Filing a Wrongful Death Lawsuit in Wisconsin
October 29, 2020

Who Can File a Wrongful Death Claim in Wisconsin?

The loss of a loved one can shake your family to its core. When a spouse, parent, sibling, grandparent, or a child dies, your world may seem like it has crashed to a halt. In addition to mourning the loss, you may face financial challenges if the deceased was a primary earner for the family, if his or her contributions kept the household running, or if the sudden death impacted a pension or inheritance.

If your loved one died as a result of someone else’s negligence, you may be entitled to compensation for these and other losses through a wrongful death claim. However, before filing such a claim on your own, it is in your best interest to speak to an attorney about the process.

Please call Studinski Law, LLC at (715) 343-2850 today for a free case evaluation. Our wrongful death lawyers serve clients in Plover, Marshfield, and throughout Wisconsin.

How Do I File a Wrongful Death Claim?

First, it is important to distinguish between the person who files a wrongful death claim and the person or people who benefit from a wrongful death claim. They may not always be the same.

According to the Wisconsin State Legislature: “An action for wrongful death may be brought by the personal representative of the deceased person or by the person to whom the amount recovered belongs.”

A personal representative is the individual responsible for administering the estate of a deceased person (the decedent). The personal representative may be named in the decedent’s will (executor) or appointed by a probate court if the decedent died without a will (administrator).

The personal representative may be a family member – such as a spouse or domestic partner or an adult child – or someone unrelated to the decedent. By law, the personal representative or the family member(s) named as a beneficiary can bring an action for wrongful death.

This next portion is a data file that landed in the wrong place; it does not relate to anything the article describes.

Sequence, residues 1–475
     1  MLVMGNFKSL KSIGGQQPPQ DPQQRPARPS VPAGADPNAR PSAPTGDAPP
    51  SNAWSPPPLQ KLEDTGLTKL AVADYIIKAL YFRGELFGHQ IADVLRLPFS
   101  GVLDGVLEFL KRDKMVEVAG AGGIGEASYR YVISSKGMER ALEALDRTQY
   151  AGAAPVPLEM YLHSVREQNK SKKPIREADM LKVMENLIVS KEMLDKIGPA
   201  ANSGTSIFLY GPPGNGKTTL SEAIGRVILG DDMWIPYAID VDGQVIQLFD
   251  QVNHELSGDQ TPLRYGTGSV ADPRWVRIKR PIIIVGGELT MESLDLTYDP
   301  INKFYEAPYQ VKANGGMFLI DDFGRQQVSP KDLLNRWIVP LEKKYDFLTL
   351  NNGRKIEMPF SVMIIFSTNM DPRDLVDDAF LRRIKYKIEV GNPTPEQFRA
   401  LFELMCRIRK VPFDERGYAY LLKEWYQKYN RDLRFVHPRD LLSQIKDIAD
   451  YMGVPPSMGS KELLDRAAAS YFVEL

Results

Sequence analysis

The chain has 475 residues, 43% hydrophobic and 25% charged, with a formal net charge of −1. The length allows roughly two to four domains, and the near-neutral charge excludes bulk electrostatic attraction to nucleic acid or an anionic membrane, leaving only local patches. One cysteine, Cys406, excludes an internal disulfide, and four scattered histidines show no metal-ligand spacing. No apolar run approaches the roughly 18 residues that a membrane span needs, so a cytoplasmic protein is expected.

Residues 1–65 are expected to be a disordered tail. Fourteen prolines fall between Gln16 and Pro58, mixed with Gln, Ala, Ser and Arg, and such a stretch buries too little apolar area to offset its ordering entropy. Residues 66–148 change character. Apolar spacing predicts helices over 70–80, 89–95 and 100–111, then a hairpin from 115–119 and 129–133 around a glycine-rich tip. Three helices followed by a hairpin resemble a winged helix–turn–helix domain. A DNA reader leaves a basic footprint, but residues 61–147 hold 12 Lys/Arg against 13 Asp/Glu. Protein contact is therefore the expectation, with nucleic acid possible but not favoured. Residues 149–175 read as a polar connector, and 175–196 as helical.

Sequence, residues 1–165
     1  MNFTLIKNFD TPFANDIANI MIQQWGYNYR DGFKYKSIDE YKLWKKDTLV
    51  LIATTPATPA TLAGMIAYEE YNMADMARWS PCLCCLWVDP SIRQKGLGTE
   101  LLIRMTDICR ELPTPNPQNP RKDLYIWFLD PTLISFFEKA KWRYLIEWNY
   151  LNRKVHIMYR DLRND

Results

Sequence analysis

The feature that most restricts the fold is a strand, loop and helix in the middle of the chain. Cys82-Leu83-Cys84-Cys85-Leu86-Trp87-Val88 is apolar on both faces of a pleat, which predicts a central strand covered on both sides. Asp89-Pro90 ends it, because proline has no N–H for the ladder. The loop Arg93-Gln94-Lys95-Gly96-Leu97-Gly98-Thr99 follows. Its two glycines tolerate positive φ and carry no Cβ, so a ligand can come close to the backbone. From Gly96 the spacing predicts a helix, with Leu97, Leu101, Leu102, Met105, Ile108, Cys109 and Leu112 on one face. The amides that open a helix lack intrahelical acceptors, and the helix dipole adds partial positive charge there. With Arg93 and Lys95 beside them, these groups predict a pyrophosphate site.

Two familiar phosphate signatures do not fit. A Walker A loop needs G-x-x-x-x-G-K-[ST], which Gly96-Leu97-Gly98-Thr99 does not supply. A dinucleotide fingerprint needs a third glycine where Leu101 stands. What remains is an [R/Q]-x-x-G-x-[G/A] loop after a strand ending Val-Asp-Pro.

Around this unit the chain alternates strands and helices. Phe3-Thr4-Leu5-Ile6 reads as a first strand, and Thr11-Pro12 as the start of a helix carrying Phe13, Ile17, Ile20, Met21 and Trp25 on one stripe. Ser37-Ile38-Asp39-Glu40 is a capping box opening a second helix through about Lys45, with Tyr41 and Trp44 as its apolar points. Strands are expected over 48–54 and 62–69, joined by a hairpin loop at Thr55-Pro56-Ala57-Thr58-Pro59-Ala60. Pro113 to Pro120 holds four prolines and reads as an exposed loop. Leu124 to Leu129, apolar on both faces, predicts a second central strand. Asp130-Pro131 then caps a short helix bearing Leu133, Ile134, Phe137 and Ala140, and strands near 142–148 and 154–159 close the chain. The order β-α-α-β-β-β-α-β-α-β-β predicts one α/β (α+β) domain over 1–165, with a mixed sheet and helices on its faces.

Who May Benefit from a Wrongful Death Claim?

Damages in a wrongful death claim may be awarded to close family members such as:

  • Spouses and domestic partners
  • Children (both minors and adult children, depending on the circumstances)
  • Parents, stepparents, and legal guardians
  • Siblings
  • Grandparents

In Wisconsin, courts are required to set aside a portion of the recovery in a wrongful death claim for the support of children who are under the age of 18. This amount cannot exceed 50 percent of the recovered amount.

If the decedent had no minor children, the recovery is paid to the spouse or domestic partner of the deceased. “Lineal heirs” – such as parents and adult children – are awarded damages if the decedent had no children under 18 or a spouse or a domestic partner. If the decedent had no minor children, spouse or domestic partner, or lineal heirs, then brothers and sisters of the decedent are entitled to recover damages. In the absence of any other family members discussed so far, maternal and paternal grandparents may recover damages in a wrongful death claim.

What Damages May Be Recovered in a Wrongful Death Lawsuit?

Family members may be compensated for their losses stemming from the wrongful death of a loved one. These losses may include:

  • Loss of financial support
  • Loss of household contributions
  • Loss of companionship and society (i.e., loss of consortium, loss of parental guidance, etc.)
  • Funeral and burial or cremation expenses
  • Medical expenses for which surviving family members are liable

When the wrongful death claim is filed by the personal representative of the estate, the estate “may also recover the reasonable cost of medical expenses, funeral expenses, including the reasonable cost of a cemetery lot and care of the lot, grave marker or other burial monument, coffin, cremation urn, urn vault, outer burial container, or other article intended for the burial of the dead.”

Ultimately, who may be awarded certain economic damages will depend on who absorbs the costs: the family or the estate of the decedent.

How Long Do I Have to File a Wrongful Death Claim?

The statute of limitations for wrongful death claims in Wisconsin is generally 3 years. However, if your loved one was killed in an automobile accident, you only have 2 years to pursue a wrongful death action.

Regardless of the circumstances, it is important to take action as soon as possible if you suspect your loved one died as a result of negligence. Timely, thorough investigation is key for your attorney to gather all of the facts and build an effective case on your behalf.

Contact Our Wrongful Death Lawyers Today

At Studinski Law, LLC, we believe it is our duty to relieve the burdens our clients face so they can focus on healing. In wrongful death claims, this means being with your family and working toward a “new normal” after your relative’s passing.

While you recover, our team will collect crucial evidence, hire the best experts to offer assistance, and prepare your case for trial. Although we achieve many favorable settlements on behalf of our clients without going to trial, we always proceed as if every case will go to court. Our results speak for themselves.

For a free case evaluation, please call Studinski Law, LLC at (715) 343-2850 today. Our wrongful death lawyers serve clients in Plover, Marshfield, and throughout Wisconsin.

Jason Studinski Injury Attorney
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